Once you’ve done your civic duty today, take your mind off all the campaigning red state vs. blue state madness and check out “The Ancient of Art of Leaving” by one of the best bands the great state of Arkansas has ever produced, The Big Cats.
Two years in the making, “The Ancient Art of Leaving” is a 25-song double album, the first half of which, “High and Low,” was released on CD and iTunes almost a year ago. The second half, “Two Parts,” is available on CD and online today. All 25 songs are available on a massive, limited edition 3-LP vinyl set.
The “Two Parts” volume is easily the best start-to-finish record The Big Cats have ever made. It’s almost a shame that it’s the second half of a double album. It is, I think, a better stand-alone record than “High and Low,” though not so much that it’s dragged down playing the entire collection through in one sitting. In that context, however, it’s the rare album that gains energy, momentum, and focus in its back half.
The songs, starting with the irrepressible “I Can See Land,” are all memorable and smart. In fact, nearly every song has a hook that sticks with you well after the song has ended (and makes it easy to sing along to, even if you’re hearing it for the first time). The album’s production polish sounds shiny and expensive, but still has the energy and abandon of a band that’s excited to play these songs together. And the band continues to expand its sound in new directions. The horn section that showed up on the “High and Low” track “King of Brief” makes another appearance on “Born Clean.” Burbling synthesizers and glockenspiel fill out the sound on other tracks, and guitarist Jason White takes over lead vocals on the haunting “High Up Over the Wall.”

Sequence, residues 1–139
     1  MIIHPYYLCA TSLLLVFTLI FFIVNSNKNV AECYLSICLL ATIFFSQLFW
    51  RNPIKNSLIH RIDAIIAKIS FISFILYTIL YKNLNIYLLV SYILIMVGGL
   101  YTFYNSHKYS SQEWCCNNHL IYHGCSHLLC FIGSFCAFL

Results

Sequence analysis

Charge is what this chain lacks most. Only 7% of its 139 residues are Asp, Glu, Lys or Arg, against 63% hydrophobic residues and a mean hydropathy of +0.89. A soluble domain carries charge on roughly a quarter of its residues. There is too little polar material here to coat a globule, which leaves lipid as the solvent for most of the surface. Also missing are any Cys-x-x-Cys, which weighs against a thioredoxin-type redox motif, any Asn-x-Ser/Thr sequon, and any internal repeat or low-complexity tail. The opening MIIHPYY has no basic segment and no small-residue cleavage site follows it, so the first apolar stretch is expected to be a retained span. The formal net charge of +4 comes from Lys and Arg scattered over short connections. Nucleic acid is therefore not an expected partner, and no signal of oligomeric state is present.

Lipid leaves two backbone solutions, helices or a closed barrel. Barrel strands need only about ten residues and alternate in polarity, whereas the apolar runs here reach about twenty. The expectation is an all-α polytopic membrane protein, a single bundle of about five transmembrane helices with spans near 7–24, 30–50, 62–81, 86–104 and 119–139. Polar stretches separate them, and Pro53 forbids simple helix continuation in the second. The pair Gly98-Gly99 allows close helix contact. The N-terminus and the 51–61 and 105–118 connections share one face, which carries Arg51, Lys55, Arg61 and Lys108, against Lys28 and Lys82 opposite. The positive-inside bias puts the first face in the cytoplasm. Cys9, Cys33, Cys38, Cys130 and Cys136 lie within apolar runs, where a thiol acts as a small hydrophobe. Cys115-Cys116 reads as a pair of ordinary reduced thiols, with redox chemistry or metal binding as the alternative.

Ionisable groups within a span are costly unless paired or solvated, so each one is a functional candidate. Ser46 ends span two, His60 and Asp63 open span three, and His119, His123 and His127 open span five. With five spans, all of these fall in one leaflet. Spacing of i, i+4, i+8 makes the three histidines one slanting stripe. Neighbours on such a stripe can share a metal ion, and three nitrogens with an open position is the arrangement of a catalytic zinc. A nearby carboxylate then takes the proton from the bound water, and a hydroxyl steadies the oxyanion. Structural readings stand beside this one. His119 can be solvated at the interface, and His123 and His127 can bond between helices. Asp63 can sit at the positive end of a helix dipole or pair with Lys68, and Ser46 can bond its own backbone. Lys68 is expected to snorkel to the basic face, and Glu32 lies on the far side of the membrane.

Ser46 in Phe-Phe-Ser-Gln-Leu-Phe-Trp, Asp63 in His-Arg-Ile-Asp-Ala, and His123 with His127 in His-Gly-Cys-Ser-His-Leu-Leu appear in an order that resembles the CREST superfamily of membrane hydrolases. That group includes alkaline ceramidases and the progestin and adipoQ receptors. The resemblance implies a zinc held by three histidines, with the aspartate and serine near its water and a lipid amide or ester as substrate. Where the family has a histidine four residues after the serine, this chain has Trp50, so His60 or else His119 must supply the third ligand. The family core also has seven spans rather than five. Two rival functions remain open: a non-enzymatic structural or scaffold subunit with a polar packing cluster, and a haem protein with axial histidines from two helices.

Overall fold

Efforts by local and indie bands frequently succeed squarely on passion, love, and ambition, but falter due to lack of resources. It’s truly great to hear a group of DIY true believers that sound like a million bucks. I should like to find some way of tempering my enthusiasm for this record or run the risk ruining my credibility by sounding like a fan boy (an occupational hazard since I typically only write about things I like). But the fact remains I’ve not heard many other records this year so consistently listenable, so well-written, and well-crafted from beginning to end regardless of where the band came from or how well I knew the musicians personally.
The 3-LP vinyl (with better than CD digital download options) is available at Bandcamp.
The CD and links to iTunes are available at the Max Recordings web shop.